The Neville Ferry

In the early years of the 20th century, there was packet traffic on the river and railroad traffic on the Kentucky side.  After 1920 there was a need for ferry boats on the Ohio.  In 1925 Hugh Donovan acquired a ferry that was previously owned by Nathan Rich and Cricket McMath.  Hugh used it to take automobiles and freight from Neville to Foster.  A few years later he built a larger power boat with a 1926 gasoline engine and a barge to be towed alongside.  This ferry was capable of handling three automobiles.

The power boat transported passengers from Neville to the railroad.  Later, when King Brothers started a bus line from Portsmouth to Cincinnati, there was also some traffic from Foster to Neville.  There was always Postal Service from the Neville Post Office to the Foster Post Office - even after the ferry disbanded during World War II.

During the 1937 flood, the ferry was very active with Hugh Donovan doing rescue work.  Refugees and some furniture were taken to the Neville school house.  When it flooded, they were taken to the foot of the hill. Some stayed in the homes of Al Boone and George Snead.  Cattle were taken from Leroy Ballinger's farm to the Edgington Indian mound and later to the hills. (Leroy Ballenger's farm was the site of the Anthony Meldahl Locks and Dam.) Two dangerous trips were made from Neville to Foster.  Fortunately, the engine didn't fail until after the water was almost in its banks.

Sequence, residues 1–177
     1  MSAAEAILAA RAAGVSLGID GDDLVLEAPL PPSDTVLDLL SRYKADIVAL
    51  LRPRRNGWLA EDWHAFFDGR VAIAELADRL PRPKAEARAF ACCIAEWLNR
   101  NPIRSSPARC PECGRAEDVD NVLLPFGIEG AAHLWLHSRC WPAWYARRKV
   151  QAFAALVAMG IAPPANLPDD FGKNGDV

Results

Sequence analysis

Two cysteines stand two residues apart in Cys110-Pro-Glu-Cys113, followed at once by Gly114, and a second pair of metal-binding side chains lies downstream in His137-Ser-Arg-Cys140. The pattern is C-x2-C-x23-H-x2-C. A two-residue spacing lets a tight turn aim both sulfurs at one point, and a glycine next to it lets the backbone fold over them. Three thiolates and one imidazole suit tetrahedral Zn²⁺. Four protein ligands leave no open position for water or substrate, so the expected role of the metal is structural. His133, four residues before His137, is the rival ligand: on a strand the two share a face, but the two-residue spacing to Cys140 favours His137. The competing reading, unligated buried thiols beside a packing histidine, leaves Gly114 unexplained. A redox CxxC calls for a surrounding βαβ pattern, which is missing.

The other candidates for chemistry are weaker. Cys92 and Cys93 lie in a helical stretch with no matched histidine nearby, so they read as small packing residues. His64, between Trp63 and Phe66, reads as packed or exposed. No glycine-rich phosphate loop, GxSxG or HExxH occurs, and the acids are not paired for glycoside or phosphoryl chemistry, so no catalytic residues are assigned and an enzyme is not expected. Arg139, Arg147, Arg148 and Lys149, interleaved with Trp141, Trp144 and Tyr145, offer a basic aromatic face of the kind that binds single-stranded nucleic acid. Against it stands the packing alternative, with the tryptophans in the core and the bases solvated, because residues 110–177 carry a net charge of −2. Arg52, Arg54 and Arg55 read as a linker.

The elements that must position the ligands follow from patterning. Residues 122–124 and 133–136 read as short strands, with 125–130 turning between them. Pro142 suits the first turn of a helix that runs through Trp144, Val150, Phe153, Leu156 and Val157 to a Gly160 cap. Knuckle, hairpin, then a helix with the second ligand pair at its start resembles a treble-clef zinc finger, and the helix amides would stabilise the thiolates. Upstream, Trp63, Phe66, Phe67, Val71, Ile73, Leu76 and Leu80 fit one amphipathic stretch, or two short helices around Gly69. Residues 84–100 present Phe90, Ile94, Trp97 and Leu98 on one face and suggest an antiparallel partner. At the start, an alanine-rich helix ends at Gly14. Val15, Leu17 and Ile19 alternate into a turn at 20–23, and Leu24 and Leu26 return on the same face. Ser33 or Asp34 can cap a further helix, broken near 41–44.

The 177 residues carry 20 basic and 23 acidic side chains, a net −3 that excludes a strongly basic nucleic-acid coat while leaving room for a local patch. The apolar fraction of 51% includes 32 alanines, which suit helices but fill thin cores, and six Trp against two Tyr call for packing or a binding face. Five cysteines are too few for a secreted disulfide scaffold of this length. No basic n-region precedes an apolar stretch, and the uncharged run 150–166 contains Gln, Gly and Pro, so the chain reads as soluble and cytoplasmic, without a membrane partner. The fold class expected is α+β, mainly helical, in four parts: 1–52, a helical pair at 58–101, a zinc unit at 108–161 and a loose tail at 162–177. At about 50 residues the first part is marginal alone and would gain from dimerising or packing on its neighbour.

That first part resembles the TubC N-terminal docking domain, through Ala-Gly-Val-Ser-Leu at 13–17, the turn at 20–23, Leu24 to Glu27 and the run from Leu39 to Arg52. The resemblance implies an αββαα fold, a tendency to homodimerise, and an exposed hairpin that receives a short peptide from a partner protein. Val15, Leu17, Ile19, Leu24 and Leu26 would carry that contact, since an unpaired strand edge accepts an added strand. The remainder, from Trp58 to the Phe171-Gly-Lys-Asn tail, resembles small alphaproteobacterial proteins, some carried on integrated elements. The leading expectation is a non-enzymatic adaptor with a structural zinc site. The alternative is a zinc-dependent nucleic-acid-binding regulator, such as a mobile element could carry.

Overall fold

Mr. Donovan repaired the boat and sold it to Otis Camery in 1938.  Since Otis Camery and George Donovan sold coal, Don Camery [the author of this piece] was recruited to operate the ferry and carry the mail.

During World War II, Dravo and others were building Coast Guard and Navy vessels (called "LST's") in Pittsburgh.  They would get them to service in the war by sending them down the Ohio and Mississippi Rivers to the ocean.  When the LST's would pass Neville, they would create such large waves that the boats at the wharf would be swamped.

After many months of bailing out the swamped ferry, Dom Camery discontinued ferry service in 1943.  The large beams in the ferry barge were used to support the roof of the Sohio Station in Chilo.


by Donald Camery, from Historic Neville on the Ohio River 1808-2008. The name Ballinger/Ballenger is spelled both ways in the original.